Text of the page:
Guv to BLM: Work with state on grouse
The Bureau of Land Management should work with Colorado to avoid having another federal agency list the greater sage-grouse as endangered, Gov. John Hickenlooper said.
Hickenlooper urged the BLM to pursue efforts aimed at saving the bird and that “safeguards the economic engine of northwestern Colorado.”
Colorado has spent more than $40 million to save the greater sage grouse and wildlife managers have set aside more than 74,000 acres of habitat for the bird primarily through conservation easements, Hickenlooper said in a letter to the BLM.
Communities in northwest Colorado, meanwhile, “rely on access and productivity associated with public lands for their livelihood” Hickenlooper wrote. “With that in mind, any plan that the BLM ultimately promotes must accurately assess the socio-economic values that link people to the land in that area.”
Hickenlooper came under fire last year from county commissioners and others in northwest Colorado who complained that he was doing too little to shield them from the possible consequences of managing lands to preserve the bird.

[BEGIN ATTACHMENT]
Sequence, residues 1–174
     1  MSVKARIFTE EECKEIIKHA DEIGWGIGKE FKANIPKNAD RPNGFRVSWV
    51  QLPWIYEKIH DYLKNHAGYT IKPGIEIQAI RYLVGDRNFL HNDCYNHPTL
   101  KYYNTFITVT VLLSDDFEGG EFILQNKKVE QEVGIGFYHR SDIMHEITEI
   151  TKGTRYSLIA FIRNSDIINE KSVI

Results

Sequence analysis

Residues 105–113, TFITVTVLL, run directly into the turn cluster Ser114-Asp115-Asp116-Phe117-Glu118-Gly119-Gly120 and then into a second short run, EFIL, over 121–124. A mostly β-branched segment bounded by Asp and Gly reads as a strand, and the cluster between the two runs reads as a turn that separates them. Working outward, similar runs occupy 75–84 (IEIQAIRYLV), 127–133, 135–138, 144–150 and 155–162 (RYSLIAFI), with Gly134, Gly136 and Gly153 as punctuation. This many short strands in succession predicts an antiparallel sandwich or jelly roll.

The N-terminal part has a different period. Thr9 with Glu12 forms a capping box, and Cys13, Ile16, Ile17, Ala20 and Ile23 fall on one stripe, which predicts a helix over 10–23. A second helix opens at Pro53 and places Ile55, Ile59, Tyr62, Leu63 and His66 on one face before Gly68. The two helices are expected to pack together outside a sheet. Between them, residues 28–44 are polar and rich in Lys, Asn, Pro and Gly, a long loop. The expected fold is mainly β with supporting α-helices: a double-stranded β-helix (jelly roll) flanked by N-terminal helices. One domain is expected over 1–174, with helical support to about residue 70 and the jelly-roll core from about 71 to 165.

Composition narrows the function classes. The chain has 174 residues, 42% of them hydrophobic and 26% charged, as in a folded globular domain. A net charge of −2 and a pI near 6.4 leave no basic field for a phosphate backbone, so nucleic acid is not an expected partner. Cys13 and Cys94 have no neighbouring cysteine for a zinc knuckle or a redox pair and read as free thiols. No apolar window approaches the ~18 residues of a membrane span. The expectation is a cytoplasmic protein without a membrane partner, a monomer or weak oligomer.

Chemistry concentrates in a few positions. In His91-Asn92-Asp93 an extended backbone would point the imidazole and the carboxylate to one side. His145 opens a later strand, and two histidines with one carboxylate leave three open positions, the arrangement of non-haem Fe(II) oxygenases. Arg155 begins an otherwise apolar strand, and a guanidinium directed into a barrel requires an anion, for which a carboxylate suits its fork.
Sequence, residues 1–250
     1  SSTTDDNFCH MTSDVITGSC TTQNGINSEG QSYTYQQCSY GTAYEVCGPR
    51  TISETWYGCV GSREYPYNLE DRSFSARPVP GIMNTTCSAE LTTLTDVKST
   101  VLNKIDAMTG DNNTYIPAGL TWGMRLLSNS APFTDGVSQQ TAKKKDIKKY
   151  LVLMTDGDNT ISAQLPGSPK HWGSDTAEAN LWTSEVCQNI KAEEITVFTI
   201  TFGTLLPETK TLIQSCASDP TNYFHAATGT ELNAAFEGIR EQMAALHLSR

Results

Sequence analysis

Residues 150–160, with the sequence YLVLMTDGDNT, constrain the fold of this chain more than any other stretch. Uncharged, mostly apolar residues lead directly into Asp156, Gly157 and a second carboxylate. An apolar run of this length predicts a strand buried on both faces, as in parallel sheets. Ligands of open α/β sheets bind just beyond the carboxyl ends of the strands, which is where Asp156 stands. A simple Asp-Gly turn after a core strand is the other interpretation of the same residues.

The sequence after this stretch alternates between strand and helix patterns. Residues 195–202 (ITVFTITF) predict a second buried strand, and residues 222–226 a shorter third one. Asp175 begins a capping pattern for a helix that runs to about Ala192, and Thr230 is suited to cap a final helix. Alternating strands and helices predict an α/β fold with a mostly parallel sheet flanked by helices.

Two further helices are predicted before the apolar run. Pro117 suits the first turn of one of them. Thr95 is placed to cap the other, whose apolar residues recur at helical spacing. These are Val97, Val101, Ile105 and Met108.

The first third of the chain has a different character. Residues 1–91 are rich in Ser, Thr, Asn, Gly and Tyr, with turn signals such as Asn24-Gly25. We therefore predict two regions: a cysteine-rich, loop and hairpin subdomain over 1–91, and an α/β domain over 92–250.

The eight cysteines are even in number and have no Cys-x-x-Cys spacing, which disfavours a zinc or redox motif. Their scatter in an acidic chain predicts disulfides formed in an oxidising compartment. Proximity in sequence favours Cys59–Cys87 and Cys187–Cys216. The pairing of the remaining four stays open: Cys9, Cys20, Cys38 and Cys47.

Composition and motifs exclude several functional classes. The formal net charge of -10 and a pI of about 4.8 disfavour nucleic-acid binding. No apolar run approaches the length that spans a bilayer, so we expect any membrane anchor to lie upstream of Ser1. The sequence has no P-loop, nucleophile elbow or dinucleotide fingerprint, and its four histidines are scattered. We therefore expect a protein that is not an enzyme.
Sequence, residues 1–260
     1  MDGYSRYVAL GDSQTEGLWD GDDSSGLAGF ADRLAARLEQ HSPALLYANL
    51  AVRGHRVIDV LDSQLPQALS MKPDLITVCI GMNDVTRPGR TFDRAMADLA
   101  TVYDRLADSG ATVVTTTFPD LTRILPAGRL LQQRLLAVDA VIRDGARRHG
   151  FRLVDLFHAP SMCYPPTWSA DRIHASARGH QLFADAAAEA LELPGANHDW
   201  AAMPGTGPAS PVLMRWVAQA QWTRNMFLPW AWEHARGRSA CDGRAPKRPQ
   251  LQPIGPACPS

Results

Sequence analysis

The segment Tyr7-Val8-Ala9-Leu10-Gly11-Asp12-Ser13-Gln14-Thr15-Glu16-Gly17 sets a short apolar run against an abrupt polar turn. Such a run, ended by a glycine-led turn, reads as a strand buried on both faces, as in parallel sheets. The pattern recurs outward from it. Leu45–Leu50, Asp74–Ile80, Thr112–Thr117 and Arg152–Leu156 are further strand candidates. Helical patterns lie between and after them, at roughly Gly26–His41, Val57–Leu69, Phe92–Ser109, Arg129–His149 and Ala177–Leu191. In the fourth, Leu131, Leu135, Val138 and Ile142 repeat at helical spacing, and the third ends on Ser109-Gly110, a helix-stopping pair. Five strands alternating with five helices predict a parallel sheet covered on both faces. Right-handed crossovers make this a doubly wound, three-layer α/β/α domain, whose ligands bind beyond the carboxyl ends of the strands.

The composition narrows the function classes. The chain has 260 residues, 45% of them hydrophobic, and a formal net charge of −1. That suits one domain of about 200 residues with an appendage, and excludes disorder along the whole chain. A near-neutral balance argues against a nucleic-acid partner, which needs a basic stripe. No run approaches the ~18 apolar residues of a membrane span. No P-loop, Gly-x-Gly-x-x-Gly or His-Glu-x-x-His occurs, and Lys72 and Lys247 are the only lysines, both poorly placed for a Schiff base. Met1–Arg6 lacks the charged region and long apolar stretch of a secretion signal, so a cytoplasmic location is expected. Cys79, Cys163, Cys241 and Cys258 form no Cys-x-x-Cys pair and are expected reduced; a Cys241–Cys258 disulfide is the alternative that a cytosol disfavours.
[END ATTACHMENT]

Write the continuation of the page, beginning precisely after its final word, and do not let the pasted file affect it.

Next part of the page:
Hickenlooper wrote the federal agency in support of a state-centered approach to preserving the bird and met with the Associated Governments of Northwest Colorado, offering assurances that he wanted the federal agency to work with the state and local governments.
Hickenlooper’s letter “carries a lot of leverage,” said Scott McInnis, a former congressman and now executive director of the Associated Governments of Northwest Colorado.
The BLM is to decide by Sept. 30 how to manage its lands. It is aiming to do so in such a way as to persuade the U.S. Fish and Wildlife Service, a sister agency within the Interior Department, not to list the greater sage grouse as endangered.
The Fish and Wildlife Service in 2008 said there were 22,600 greater sage grouse occupying some 4 million acres of habitat in Colorado.
Much of that habitat overlies some of the nation’s energy storehouse of coal and natural gas and those resources, along with agriculture, underpin many local economies in northwest Colorado.